Section 501(c)(3) nonprofit hospitals' tax-exempt status is again in the spotlight in the wake of a recent move by the Illinois Department of Revenue to strip three major nonprofit hospitals of their state property tax exemptions. As reported in The New York Times on October 31, 2011, the agency decision followed an Illinois Supreme Court ruling that clarified the state constitution's position on tax cuts for charities. Under the Illinois Constitution, the state legislature may only exempt property from taxation if it is used "exclusively" for charity. Here is a story from the St. Louis Post-Dispatch that discusses this situation in greater detail.
This development highlights the ongoing tension between nonprofit hospitals' efforts to attain and maintain desirable tax-exempt status and the position of state and federal regulators that such entities should, in turn, provide a higher level of charity care. It also points to another lingering reality: despite Illinois' move to take away the hospitals' coveted tax-exempt status from the state, they remain exempt from federal taxes because the Internal Revenue Service (IRS) is not currently gathering the data necessary to adequately measure the amount of charity care hospitals are providing. The Illinois governor subsequently suspended the revocation of the three hospitals' tax-exempt status pending development of more specific guidance.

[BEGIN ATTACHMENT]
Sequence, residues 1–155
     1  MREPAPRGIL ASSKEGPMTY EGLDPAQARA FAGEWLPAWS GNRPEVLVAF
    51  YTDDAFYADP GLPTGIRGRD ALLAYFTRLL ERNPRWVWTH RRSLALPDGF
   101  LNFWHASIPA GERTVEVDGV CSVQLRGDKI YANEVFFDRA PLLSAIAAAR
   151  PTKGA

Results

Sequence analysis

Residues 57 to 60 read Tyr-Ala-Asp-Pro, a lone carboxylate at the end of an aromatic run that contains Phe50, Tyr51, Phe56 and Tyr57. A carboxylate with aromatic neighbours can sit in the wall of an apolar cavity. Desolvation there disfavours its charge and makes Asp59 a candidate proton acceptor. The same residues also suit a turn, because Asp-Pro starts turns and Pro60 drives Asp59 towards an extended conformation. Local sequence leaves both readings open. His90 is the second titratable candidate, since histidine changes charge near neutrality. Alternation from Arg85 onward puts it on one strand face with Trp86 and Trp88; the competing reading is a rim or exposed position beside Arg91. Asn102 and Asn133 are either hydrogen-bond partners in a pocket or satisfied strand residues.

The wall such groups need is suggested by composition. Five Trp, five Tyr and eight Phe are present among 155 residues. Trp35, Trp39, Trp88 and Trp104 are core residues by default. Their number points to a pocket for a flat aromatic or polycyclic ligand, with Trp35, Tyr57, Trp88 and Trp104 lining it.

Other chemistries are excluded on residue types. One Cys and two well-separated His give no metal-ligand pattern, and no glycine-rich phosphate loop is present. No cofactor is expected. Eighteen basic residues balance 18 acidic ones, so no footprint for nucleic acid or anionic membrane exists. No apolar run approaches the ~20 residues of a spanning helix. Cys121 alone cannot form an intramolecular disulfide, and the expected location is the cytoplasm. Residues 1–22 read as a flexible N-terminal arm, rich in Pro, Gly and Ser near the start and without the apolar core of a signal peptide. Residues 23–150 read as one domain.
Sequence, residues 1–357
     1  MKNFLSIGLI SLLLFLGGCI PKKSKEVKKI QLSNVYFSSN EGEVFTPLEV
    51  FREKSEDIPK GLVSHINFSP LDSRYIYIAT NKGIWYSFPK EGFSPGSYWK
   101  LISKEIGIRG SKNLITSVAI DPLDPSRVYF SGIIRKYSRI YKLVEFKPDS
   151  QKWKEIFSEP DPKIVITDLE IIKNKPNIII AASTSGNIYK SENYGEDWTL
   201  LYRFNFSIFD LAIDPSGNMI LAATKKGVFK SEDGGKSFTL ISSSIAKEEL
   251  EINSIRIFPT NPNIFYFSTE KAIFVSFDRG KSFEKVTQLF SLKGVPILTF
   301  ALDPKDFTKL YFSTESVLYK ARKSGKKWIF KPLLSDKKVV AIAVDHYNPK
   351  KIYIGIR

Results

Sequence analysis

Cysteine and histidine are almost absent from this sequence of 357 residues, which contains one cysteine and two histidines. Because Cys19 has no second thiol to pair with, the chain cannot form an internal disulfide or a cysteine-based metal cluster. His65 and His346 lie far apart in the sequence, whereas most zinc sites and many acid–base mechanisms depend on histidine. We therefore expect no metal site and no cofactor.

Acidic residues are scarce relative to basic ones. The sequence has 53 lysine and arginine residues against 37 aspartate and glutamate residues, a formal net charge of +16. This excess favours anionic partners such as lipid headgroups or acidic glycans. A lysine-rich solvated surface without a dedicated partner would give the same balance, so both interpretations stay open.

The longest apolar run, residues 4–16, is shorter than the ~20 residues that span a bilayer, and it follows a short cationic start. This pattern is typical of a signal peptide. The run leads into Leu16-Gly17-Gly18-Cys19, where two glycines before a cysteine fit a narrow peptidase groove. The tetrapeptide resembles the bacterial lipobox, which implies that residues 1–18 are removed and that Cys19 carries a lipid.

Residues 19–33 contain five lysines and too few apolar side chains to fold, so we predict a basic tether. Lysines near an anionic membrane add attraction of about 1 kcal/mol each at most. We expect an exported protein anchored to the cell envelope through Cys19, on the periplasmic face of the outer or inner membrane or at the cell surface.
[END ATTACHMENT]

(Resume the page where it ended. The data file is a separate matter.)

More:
The IRS actually has the tool it needs to collect information on hospitals' provision of charity care, community benefit and executive compensation. It has, however, delayed implementing a mandate that would require hospitals to complete an overhauled tax form that would capture this data. The reason for this delay is not altogether clear. Some believe complaints from the American Hospital Association are to blame, while others (including the IRS) indicate the cause is related to pieces of the health care reform law and other legislation.
Whatever the cause, some members of Congress are expressing interest in the reporting requirements for nonprofit hospitals. Recently, Charles Boustany, Jr., chairman of the House Ways and Means Subcommittee on Oversight, indicated that the body he governs is concerned that tax-exempt organizations are not complying with the spirit of the policy underlying tax exemption, while they continue to receive its benefits. The IRS, meanwhile, defends that legislation, such as the 2006 Pension Protection Act, has increased demands on the agency, resulting in delay. Added to this situation is the fact that many believe the IRS has not adequately defined charity care, thereby leaving hospitals to fill in the blanks.
Recent events such as that in Illinois indicate that this topic will no doubt remain the subject of continuing debate and controversy.